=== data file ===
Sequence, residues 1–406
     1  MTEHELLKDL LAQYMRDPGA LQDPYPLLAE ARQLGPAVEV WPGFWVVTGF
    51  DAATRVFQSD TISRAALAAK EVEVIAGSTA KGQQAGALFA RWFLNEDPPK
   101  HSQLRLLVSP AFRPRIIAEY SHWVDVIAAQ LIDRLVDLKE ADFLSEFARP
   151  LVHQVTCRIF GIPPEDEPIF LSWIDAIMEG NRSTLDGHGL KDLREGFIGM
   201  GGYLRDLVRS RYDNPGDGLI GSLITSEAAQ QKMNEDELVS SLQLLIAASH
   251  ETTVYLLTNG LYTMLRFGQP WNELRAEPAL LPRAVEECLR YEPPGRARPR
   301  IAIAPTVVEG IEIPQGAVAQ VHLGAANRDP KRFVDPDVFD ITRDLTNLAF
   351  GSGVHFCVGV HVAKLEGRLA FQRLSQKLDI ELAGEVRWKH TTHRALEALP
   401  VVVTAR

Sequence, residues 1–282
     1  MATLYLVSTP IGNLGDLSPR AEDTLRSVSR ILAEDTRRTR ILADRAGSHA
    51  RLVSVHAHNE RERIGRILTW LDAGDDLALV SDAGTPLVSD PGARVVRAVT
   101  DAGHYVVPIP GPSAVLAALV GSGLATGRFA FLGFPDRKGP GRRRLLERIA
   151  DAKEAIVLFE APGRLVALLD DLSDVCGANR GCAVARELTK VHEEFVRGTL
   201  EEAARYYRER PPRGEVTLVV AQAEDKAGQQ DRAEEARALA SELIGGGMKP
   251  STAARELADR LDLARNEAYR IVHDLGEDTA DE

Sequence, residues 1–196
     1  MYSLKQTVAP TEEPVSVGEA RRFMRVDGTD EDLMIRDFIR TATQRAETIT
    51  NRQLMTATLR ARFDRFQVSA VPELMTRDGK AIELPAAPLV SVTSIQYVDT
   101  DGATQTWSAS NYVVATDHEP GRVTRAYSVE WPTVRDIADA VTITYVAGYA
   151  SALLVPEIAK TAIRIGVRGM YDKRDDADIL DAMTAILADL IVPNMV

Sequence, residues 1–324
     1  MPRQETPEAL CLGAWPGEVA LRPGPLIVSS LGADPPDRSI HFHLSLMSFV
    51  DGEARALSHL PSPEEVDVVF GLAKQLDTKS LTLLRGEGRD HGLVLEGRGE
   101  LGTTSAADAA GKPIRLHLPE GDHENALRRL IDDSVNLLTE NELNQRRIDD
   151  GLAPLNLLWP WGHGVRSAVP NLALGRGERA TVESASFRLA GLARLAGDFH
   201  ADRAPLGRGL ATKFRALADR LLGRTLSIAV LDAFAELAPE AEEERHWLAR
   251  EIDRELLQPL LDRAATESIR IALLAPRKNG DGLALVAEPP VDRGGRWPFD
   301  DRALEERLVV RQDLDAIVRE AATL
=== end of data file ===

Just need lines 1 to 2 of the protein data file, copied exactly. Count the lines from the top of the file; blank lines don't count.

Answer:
Sequence, residues 1–406
     1  MTEHELLKDL LAQYMRDPGA LQDPYPLLAE ARQLGPAVEV WPGFWVVTGF